Thomson Flats Area Structure Plan
Melcor Developments Ltd. is in the process of creating an Area Structure Plan (ASP) for Thomson Flats: an area consisting of five parcels covering 255.53 hectares (631.43 acres) located along the City’s southern boundary between Chute Lake Road to the west and Bellevue Creek to the East.
In the Official Community Plan (OCP), the lands are currently designated as "Future Urban Reserve" and fall within the City's permanent growth boundary.
After a multi-year process with several opportunities for public input, the applicant team (Melcor and Canadian Horizons) has submitted their draft ASP for review by the City.
Following detailed review by City staff, the applicant team will incorporate City feedback and refine their ASP in preparation for Council consideration. Once the applicant team is satisfied with their final ASP document, City staff will bring the ASP forward to Council for consideration. The staff report will include a recommendation for Council, representing the collective position of the City’s professional staff.
If Council elects to endorse the plan as presented, there would remain several stages of approvals required prior to construction. Before they can begin construction, the applicant will have to apply for an OCP amendment, rezoning, development permits, subdivision and building permits. Another public hearing would be required during the OCP amendment and rezoning process, giving residents a further opportunity to review the project at a more detailed level.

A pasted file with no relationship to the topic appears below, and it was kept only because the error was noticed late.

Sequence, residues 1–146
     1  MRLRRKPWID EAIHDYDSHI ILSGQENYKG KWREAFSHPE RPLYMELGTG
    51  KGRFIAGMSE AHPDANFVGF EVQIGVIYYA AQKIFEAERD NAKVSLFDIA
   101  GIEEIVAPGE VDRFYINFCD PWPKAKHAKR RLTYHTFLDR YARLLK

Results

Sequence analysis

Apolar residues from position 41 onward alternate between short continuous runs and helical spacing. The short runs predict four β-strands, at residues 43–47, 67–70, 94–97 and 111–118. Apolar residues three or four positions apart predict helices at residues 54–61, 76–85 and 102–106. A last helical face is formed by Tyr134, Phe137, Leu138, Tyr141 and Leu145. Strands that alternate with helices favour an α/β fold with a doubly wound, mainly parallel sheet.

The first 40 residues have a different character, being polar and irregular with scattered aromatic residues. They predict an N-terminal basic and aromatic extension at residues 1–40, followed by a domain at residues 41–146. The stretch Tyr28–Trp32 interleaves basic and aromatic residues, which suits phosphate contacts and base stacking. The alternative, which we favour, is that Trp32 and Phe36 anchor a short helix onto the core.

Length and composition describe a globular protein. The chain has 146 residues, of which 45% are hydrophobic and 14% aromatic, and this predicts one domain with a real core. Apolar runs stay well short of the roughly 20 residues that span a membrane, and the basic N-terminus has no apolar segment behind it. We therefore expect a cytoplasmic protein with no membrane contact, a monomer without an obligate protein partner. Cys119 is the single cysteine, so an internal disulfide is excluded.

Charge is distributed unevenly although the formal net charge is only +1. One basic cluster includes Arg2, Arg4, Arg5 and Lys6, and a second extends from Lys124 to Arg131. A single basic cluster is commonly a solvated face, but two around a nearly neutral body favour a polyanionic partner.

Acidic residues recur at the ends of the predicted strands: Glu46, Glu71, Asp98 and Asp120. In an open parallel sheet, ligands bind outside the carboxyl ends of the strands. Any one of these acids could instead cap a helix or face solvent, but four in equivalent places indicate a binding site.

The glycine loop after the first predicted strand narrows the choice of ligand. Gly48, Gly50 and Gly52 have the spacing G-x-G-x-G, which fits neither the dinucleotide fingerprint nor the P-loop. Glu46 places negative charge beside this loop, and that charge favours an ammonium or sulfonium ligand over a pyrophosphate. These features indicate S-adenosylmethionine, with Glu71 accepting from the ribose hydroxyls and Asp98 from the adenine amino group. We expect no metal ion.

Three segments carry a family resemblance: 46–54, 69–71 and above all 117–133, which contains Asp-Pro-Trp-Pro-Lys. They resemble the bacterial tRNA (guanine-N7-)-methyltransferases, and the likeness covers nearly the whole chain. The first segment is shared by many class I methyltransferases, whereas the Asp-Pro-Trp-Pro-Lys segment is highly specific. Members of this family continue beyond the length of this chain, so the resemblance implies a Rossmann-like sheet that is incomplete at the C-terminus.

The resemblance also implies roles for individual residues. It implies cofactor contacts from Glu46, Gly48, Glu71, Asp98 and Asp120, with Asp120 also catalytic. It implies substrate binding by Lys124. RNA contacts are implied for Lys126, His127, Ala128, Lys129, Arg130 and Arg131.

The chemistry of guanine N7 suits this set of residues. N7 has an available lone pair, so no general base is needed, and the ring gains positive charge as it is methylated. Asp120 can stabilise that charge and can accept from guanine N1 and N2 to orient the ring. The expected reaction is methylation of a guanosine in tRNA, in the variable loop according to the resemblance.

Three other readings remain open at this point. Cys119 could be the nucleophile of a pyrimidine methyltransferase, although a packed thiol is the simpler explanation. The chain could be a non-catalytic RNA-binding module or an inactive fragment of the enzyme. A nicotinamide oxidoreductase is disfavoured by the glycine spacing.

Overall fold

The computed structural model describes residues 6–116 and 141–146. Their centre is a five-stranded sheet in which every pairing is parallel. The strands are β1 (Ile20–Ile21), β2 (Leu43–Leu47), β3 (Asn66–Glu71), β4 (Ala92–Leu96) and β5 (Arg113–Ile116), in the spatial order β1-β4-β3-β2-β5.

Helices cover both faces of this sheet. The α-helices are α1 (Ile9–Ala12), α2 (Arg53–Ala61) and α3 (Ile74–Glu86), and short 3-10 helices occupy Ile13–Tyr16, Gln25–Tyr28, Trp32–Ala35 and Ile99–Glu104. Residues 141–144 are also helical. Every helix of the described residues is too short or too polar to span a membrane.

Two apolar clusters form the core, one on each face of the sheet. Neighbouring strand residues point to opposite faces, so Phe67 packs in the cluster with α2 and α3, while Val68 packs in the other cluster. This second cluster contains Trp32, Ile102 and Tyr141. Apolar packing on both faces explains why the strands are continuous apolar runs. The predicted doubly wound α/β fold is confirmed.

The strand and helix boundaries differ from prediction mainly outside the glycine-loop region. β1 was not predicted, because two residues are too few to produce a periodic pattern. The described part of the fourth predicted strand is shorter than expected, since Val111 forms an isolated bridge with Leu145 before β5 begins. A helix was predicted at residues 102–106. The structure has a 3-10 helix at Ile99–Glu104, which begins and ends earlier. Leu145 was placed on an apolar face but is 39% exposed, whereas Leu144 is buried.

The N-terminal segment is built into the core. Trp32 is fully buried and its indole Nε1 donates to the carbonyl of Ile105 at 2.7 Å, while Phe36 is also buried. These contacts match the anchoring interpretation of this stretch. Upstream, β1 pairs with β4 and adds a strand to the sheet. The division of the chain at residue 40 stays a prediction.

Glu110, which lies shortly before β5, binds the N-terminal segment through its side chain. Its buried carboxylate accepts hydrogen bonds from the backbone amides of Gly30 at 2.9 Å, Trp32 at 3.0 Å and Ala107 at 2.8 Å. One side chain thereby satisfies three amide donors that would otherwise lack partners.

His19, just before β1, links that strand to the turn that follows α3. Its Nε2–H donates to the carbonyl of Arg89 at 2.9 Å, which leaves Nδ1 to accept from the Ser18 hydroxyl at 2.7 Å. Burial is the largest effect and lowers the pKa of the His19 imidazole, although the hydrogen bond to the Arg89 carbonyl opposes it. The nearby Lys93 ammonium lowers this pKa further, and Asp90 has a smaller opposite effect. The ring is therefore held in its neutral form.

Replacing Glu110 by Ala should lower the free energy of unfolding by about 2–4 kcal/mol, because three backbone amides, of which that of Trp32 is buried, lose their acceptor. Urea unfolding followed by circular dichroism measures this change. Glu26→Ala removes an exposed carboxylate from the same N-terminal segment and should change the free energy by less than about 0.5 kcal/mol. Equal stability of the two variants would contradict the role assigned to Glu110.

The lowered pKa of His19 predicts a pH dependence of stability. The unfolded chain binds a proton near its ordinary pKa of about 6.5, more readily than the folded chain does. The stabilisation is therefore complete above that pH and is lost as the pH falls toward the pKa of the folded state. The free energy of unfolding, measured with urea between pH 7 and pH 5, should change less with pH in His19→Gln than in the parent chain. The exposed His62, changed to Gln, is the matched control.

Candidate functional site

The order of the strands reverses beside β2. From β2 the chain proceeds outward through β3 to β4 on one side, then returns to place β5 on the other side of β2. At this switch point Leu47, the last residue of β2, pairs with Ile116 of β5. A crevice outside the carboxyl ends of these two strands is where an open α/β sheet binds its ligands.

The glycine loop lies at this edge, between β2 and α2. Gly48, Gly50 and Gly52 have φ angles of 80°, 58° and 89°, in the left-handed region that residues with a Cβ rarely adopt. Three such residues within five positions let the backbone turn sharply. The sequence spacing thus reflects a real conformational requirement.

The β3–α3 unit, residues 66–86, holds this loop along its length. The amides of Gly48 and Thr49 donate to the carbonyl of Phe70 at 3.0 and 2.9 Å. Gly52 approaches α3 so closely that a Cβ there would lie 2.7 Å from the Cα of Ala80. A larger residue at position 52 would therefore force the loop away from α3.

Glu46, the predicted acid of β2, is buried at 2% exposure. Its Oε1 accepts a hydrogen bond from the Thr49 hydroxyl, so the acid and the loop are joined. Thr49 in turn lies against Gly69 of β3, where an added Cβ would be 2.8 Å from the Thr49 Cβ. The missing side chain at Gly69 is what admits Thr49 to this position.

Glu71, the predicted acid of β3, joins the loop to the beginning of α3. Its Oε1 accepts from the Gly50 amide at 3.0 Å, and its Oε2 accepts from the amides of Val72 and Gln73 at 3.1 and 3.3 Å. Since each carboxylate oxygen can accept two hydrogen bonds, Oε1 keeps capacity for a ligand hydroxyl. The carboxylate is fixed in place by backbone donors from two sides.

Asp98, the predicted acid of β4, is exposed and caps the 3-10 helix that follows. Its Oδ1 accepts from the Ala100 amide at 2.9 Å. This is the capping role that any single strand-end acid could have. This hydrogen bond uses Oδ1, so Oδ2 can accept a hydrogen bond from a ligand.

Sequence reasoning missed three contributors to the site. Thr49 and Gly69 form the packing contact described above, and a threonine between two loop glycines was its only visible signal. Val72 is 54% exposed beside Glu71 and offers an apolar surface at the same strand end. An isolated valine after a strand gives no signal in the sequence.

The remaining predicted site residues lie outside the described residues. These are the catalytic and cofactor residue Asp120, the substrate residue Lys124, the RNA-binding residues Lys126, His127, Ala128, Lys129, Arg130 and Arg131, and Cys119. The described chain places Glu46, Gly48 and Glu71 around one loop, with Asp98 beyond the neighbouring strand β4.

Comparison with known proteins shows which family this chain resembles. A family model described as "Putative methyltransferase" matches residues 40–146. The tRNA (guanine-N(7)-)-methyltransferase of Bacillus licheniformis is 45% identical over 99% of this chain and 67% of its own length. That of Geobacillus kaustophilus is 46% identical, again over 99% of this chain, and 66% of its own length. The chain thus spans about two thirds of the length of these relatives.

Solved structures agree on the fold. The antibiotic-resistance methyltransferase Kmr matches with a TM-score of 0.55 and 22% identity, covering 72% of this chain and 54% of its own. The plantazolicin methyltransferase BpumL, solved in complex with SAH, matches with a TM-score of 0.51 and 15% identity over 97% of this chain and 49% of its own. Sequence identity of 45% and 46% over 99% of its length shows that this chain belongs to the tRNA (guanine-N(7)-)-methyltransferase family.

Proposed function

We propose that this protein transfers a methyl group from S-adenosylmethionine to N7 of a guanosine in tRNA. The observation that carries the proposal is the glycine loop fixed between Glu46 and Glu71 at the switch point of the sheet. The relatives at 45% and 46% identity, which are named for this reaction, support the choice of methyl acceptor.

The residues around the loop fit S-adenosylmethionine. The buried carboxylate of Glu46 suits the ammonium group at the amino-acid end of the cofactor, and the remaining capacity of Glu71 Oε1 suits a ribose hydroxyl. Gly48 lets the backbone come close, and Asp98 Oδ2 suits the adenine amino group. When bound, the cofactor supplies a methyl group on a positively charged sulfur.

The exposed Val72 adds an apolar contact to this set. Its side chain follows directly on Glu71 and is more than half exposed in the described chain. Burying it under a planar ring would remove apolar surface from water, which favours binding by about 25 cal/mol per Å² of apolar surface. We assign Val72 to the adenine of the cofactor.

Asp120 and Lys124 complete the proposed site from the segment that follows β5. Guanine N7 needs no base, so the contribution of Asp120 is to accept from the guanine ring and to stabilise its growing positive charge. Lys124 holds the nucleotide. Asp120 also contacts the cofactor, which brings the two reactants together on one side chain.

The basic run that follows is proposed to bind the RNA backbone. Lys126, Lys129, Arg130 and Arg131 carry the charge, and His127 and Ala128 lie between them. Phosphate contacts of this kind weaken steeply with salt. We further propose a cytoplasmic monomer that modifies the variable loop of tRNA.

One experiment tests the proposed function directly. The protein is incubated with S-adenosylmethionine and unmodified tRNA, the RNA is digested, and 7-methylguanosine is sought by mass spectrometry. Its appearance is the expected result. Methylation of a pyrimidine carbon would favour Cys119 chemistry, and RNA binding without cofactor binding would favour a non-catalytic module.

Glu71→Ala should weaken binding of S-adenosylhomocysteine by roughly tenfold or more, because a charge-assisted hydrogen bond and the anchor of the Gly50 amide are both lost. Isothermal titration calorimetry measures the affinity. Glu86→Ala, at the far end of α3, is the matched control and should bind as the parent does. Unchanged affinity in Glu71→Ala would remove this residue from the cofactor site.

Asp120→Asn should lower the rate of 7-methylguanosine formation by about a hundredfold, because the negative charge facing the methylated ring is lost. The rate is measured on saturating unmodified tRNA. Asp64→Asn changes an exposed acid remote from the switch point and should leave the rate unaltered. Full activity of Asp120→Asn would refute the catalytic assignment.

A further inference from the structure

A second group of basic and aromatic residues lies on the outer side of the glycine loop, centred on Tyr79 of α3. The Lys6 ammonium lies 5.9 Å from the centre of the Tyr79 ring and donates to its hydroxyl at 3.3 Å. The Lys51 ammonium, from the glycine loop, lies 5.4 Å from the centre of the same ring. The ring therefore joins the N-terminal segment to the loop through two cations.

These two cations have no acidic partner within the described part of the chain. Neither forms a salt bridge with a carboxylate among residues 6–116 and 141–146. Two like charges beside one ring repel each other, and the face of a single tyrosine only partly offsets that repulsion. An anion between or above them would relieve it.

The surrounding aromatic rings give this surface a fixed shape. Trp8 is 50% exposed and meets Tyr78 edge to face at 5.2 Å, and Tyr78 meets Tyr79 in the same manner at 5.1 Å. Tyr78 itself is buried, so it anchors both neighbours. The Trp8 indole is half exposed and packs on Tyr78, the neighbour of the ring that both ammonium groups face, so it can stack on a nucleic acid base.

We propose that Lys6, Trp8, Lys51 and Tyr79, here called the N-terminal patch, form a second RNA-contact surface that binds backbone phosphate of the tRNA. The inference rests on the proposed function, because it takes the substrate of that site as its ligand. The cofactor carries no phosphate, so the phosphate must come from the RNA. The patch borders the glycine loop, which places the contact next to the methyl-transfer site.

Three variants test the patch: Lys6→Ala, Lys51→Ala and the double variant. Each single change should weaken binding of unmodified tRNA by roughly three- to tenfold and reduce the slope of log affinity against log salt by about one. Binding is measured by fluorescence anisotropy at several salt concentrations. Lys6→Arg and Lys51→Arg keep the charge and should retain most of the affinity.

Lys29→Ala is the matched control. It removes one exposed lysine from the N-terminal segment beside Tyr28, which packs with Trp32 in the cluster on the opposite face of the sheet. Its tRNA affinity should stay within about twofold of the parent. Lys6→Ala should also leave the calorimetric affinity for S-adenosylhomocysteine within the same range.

On March 3, 2014, Kelowna City Council authorized the preparation of a two-phase ASP for a maximum of 1,400 housing units (800 units in Phase 1 and 1, 600 units in Phase 2).
In May 2016, the applicant began work on Phase 1. A Phase 1 Report summarizing the study results is available. An open house was held by the applicant on June 28, 2017; the results are summarized in their Open House Summary Report.
An Area Structure Plan is a long-range planning document that works with the OCP to provide direction for development. While the OCP provides a high-level vision for development of the city as a whole, an ASP provides more detailed guidance for a specific area. It allows landowners to work with City staff to figure out how development in the area can best meet City objectives. An ASP looks at issues like appropriate land uses, servicing (e.g. sewers and roads), environmental protection, hazardous conditions, form and character, parks and community resources and heritage.
The OCP identifies specific areas within the city where an ASP is required. An ASP is expected to reflect the overall goals and policy direction of the OCP. While it is endorsed by Council, an ASP is not a bylaw. Once complete, key directions from the ASP are used to inform updates to City bylaws, such as the OCP and Zoning Bylaws.